DANVERS, Mass. — Gary Ferguson first noticed large cracks along the back wall of his garage in October.
“It’s going to fall,” Ferguson said from his backyard on Orchard Lane in Danvers. “Then the garage is eventually going to rip off from the house and probably take half the house with it.”
Ferguson, a Persian Gulf War veteran, bought the home with his wife and two children in March 2022. Because of the competitive housing market, Ferguson said he felt pressure to waive a home inspection to make his offer more attractive. It’s a decision he’s come to regret.
“[A home inspection] might have opened my eyes up a little bit more,” Ferguson said.
Ferguson filed a claim with his insurance company, Union Mutual, to repair the wall and foundation. However, Union Mutual denied the claim and dropped Ferguson as a customer on Dec. 19. The company said foundation damage isn’t covered under the terms of his policy and according to a notice of non-renewal, his policy is not being renewed because the home “does not meet underwriting criteria due to the condition of the foundation under the garage.”
A Union Mutual spokesperson declined to comment.
“We’re in limbo at this point. We’re afraid we’re going to lose the house,” Ferguson said.
Ferguson said he can’t afford to fix the foundation himself–the cost is estimated between $50,000 and $75,000. He’s said he’s contacted 83 licensed insurance companies in Massachusetts and can’t get coverage from any of them. Ferguson said force-place homeowner’s insurance from his mortgage lender is going to cost him between $5,000 and $7,000 a year, which would increase his mortgage by $500 to $600 a month.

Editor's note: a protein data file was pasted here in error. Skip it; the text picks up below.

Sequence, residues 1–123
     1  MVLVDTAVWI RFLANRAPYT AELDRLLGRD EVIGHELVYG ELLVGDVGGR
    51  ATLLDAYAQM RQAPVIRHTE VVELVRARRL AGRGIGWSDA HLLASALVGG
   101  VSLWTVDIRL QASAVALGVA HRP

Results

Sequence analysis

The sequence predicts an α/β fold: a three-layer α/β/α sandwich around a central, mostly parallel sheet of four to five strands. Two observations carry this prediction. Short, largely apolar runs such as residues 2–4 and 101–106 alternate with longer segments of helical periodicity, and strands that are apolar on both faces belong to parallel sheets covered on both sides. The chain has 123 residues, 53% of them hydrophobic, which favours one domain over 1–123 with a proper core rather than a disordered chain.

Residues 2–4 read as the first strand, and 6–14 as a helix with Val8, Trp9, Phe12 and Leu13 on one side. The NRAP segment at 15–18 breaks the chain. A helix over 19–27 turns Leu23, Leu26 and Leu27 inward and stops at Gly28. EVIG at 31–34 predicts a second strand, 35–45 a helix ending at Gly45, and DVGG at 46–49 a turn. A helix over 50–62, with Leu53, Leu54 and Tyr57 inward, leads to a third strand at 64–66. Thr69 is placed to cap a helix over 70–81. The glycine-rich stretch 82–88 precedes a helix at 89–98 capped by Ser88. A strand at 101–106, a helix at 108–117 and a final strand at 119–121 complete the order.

“I can’t afford that,” Ferguson said. “I can’t sustain it.”
North Shore home inspector Jameson Malgeri has been warning buyers for years not to waive inspections because of the potential for catastrophic problems down the road. Malgeri supports Senate Bill 197 and House Bill 245 — known as An Act Protecting Consumer Rights in Purchasing Safe and Habitable Homes — which would make home inspections a right in Massachusetts. Supporters of the legislation say prospective home buyers would no longer feel the pressure to waive inspection to sweeten an offer.
“I think it would be obvious to any home inspector that he has a serious structural concern,” Malgeri said. “Not only would have flagged it, there would have been an urgency to deal with it.”
Ferguson’s Union Mutual coverage expires Mar. 1.
“It’s awful. I’m upset. My wife’s upset,” he said. “Worst case scenario, I lose the house.”
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Clinton Mora is a reporter for Trending Insurance News. He has previously worked for the Forbes. As a contributor to Trending Insurance News, Clinton covers emerging a wide range of property and casualty insurance related stories.